In actual sense, sustainable capitalism is the ultimate goal of corporate governance and sustainable governance. One of the great shifts in the 21st century is the ultimate goal of corporate governance and sustainable governance and if capitalism is not sustainable, then it would be impossible to have a sustainable world in the future. Since Nigeria is not an island separate from the rest of the world, it is pertinent that boards and captains of industries imbibe this new and important concept.
The shift to sustainable capitalism is due to the high interconnectedness and transparency in the world today driven by the spread of digital technology. The recent analysis released by ICAAN, the body responsible for overseeing internet worldwide records that about 300 million emails, 1.8 million skype calls and about 400,000 tweets are sent every 60 seconds every day, thus transparency has tremendous implication on the way businesses are conducted today. Moreover, the technology revolution, in addition to Net Generation of Millennial, and the need for responsible investments, have radically changed the scope of doing business anywhere in the world and this places more pressure on the need for Integrated Thinking on sustainability.
New capitalists have emerged with a new approach to business that is different from those of the 19th century thus, companies must take into account the critical needs and interests of all stakeholders rather than those of the shareholders if they hope to continue profit making. As a matter of fact, great companies and multinational enterprises are now appointing executives such as Corporate Stakeholders Relationship Officer (CSRO), whose sole job is to find out what the least expectations of stakeholders are and to inform management accordingly so that the shareholders can have a more informed basis for developing strategy. In a nutshell, companies are no longer operating in a vacuum but rather; they operate in a triple context of Economy, Society and Environment (ES & E). There is obviously an increased need to change the corporate behaviour of companies and also to change the way businesses are done otherwise, future generations would not have a sustainable world to live in.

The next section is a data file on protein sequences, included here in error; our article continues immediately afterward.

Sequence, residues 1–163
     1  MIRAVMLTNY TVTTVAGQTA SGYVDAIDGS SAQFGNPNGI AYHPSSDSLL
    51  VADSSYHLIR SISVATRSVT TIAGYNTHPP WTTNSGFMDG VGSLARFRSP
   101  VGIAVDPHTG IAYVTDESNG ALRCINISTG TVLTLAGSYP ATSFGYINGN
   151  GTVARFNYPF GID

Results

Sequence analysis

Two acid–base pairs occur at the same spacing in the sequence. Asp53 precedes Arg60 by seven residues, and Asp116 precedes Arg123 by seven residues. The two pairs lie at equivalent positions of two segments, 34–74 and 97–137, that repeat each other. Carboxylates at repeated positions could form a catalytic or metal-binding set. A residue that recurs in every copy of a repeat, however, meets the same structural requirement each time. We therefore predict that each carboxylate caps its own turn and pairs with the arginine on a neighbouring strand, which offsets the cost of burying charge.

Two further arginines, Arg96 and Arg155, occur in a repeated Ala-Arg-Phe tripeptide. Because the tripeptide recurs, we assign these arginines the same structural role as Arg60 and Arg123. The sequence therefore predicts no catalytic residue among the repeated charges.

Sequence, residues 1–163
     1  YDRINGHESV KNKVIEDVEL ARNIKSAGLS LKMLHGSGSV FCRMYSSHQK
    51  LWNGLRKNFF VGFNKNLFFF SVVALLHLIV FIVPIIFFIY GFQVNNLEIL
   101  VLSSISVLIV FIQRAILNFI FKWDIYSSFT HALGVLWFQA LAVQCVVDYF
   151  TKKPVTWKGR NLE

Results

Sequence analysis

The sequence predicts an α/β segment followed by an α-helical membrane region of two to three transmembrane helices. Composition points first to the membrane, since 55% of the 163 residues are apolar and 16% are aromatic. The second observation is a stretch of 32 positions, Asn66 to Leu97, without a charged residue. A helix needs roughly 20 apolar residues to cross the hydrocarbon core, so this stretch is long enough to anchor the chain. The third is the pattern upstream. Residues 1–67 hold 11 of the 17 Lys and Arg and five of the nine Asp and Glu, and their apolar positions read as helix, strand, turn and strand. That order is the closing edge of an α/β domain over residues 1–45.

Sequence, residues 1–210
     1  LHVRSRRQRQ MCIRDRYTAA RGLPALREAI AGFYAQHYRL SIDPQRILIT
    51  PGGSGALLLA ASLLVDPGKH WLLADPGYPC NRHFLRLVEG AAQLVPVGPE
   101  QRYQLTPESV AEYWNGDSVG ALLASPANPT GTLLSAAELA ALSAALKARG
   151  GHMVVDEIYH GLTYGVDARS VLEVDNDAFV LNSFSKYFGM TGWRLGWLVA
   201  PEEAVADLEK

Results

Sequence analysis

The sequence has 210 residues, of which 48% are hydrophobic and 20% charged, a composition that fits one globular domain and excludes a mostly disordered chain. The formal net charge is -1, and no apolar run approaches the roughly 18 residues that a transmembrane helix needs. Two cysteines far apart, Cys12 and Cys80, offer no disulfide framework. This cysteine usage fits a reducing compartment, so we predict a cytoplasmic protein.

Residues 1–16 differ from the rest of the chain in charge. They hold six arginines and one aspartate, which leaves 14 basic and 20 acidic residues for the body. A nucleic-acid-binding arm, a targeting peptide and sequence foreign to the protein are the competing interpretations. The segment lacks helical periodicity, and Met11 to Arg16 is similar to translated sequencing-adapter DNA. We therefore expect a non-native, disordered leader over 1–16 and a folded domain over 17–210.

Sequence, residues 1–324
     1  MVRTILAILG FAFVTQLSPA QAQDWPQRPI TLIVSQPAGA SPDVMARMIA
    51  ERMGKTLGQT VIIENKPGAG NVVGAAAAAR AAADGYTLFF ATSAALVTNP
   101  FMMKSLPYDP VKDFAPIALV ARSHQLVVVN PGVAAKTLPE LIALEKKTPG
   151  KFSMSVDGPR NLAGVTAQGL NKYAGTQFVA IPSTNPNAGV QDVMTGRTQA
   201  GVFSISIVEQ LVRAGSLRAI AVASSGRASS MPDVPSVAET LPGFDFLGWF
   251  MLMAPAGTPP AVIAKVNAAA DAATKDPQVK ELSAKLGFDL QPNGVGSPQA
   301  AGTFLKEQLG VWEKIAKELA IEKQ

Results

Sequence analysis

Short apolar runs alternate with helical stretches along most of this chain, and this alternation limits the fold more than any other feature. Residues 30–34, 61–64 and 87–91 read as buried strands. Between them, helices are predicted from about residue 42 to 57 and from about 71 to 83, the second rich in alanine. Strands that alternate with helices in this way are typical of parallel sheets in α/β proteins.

There is also a shift from the perspective that shareholders who are members of wealthy families are the only providers of capital for businesses, the new view suggests that every member of the society across the globe is the new provider of capital for businesses to thrive. Therefore, the individual has become an integral part of the company.
Source: Excerpt from CSR Files Weekly™ (Sustainable Leadership & Governance according to Mervyn King III)